If an employee is underperforming, it is likely to be conduct or capability so should be dealt with under the disciplinary or capability procedures. If the reason for dismissal fits into one of the other 4 fair reasons for dismissal (conduct, capability, redundancy or statutory ban), conducting a SOSR dismissal process will not be a justifiable reason for dismissal.
In respect of the need to carry out a fair procedure if the employee has under two years’ service, it’s always best to use the correct procedure because if the procedure is ever scrutinised by an employment tribunal (e.g., the claim is linked to discrimination), any flaws could come back to haunt. If your documents are drafted by Avensure, you are likely to have a short service clause inherent in the conduct and capability procedures that would allow fair dismissal after a hearing but without having to build upon a succession of warnings prior to dismissal.
Q: In a charity organisation where roles are funded; would contracts need to be fixed term and if funding is withdrawn, triggering the end of the role, is this SOSR or redundancy?
A fixed-term contract can be drawn up to cover a specific role if it is only funded for a set time period- so if you know the end date of the funding and hence the end date of the role, a fixed-term contract (with an end date) can be used.
If the funding for a role ends unexpectedly and the work the employee was employed to carry out ends as a result, this will be a redundancy and not dismissal for some other substantial reason..
Be advised though that in either scenario, if the employee has two years’ service by the time the contract ends, they may be entitled to redundancy pay.
Q: If third-party pressure requires you to remove an employee from the site, but you are able to offer alternative work at a different site if the employee turns the work down (even though the role is on the same hours and pay), is this a SOSR dismissal or is it a resignation?
Unless the employee tenders their resignation, the employer should not infer the employee has resigned.
Instead, the employer should try to find out why the role is being turned down but, in the event, a suitable alternative is not found, the employee will be dismissed for SOSR.
Q: An employee has posted something on social media outside work which has the potential to cause reputational damage. If after following a fair process, you conclude the conduct will lead to reputational damage if seen by customers, would this give you grounds for dismissal?
Potentially it would but only if it can be reasonably foreseen that reputational damage will occur.
For example, if the post has not yet been seen by customers, but it’s been posted somewhere like LinkedIn where your business is directly linked to the employee’s profile, you should instruct them to take it down to protect the reputation of your business. If they refuse- this could give rise to grounds for dismissal if the content is at odds with the ethos of your business.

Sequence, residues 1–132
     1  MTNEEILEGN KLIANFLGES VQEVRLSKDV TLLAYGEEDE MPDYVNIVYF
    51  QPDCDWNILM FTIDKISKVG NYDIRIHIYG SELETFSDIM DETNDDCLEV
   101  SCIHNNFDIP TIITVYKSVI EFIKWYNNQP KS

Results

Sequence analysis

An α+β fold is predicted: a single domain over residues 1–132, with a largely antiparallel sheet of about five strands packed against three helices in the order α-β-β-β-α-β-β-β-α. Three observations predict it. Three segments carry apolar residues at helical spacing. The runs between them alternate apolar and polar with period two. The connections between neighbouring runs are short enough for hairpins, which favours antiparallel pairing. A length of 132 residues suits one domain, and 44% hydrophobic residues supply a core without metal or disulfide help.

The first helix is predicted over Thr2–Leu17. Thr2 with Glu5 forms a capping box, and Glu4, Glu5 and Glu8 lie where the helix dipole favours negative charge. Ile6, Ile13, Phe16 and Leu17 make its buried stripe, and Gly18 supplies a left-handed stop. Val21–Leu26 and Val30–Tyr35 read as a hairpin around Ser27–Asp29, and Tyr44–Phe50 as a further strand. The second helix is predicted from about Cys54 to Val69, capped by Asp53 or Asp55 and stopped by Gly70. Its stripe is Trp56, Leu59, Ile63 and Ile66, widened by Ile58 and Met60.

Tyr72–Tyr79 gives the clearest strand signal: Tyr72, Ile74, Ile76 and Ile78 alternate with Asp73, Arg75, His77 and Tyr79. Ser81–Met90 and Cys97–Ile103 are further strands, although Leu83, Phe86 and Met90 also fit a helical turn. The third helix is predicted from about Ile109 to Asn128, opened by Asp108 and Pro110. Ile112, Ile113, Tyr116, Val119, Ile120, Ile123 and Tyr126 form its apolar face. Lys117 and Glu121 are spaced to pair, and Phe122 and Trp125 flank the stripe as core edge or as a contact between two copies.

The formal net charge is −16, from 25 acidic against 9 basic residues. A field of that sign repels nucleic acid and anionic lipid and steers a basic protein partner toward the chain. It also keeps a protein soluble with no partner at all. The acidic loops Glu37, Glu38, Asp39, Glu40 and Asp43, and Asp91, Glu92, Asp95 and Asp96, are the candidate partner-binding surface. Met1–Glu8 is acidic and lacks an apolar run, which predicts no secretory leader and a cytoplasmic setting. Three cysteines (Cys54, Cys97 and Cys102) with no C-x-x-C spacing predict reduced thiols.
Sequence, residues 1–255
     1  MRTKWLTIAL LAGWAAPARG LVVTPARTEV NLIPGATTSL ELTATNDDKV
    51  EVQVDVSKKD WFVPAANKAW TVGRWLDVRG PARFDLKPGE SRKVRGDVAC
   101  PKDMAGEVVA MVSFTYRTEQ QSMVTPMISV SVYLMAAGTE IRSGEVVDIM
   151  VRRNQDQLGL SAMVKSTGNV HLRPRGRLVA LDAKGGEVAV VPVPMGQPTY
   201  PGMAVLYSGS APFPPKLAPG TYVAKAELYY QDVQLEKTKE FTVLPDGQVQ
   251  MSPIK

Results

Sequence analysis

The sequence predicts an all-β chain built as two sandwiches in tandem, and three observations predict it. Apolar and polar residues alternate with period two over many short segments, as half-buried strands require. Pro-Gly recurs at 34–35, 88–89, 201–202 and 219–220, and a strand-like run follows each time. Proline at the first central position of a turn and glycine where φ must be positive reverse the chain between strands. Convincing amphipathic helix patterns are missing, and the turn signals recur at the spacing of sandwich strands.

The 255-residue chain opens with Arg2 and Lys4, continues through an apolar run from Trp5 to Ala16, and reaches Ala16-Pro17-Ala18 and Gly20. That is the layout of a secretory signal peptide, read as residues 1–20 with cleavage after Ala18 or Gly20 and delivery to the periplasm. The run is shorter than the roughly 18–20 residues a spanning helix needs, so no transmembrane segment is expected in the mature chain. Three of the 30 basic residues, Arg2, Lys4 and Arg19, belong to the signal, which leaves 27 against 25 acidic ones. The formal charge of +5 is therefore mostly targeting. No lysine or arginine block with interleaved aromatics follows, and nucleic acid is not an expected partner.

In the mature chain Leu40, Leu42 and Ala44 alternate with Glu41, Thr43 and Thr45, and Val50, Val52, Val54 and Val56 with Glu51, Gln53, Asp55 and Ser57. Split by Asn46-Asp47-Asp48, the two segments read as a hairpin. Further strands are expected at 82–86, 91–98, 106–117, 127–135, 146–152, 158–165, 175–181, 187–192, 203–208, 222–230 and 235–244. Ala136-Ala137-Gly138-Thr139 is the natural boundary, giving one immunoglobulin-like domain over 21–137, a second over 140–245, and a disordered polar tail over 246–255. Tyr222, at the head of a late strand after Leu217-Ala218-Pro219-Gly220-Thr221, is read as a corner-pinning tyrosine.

Q: If there is a breakdown in the employment relationship and there is a repeated threat from the employee that they will hand in their notice, but they don’t, would this trigger a dismissal for SOSR?
If the employer has tried to resolve any disputes and the employee is unwilling to move forward, this may give rise to dismissal for SOSR.
Before implementing the dismissal for some other substantial reason process the employer should ensure that they have made real efforts to resolve the issue, for example, by use of the grievance procedure and/or via mediation.
Q: Can we dismiss someone for SOSR who is constantly threatening to raise a grievance but won’t confirm or decide what to do?
There can be a breakdown in the employment relationship when someone is unwilling to work with the employer to resolve a dispute.
Grievances should be raised and dealt with in a timely manner. If an employee says they wish to raise a grievance, contact us for advice, and we can advise you on how to respond by reminding the employee of their rights under the grievance procedure.
However, internal procedures, such as the grievance procedure, are not sticks to beat the employer with. If someone were to abuse internal procedures to disrupt the business persistently and deliberately, this could give rise to a breakdown in the employment relationship and result in a dismissal for SOSR.
Q: If you have a member of staff who repeatedly does not turn up for work with no explanation, repeatedly gets signed off sick, and is a liability when on site, is this SOSR?
No, this is a conduct issue and not grounds for a SOSR dismissal. Their persistent absence, if general in nature (i.e., not linked to disability or pregnancy), and poor conduct on-site should be dealt with under the disciplinary procedure.
If they are medically incapable of carrying out their role, this may be a medical capability matter where permission for a medical report is requested, or they may be referred to occupational health to establish if they are medically fit to continue in the role they are employed to do.
SOSR employment law shouldn’t be used where the employer feels other avenues are ‘too slow’ or they haven’t managed other issues (such as high absenteeism) appropriately and are now looking for a ‘quick fix’. SOSR dismissals must be for a genuine and substantial reason.
If you’re looking for advice on substantial reason for dismissal, how to dismiss employees fairly, want to understand the potential risks, or want step-by-step guidance through the disciplinary and SOSR dismissal process, please contact our employment team. Simply click here: Avensure Contact!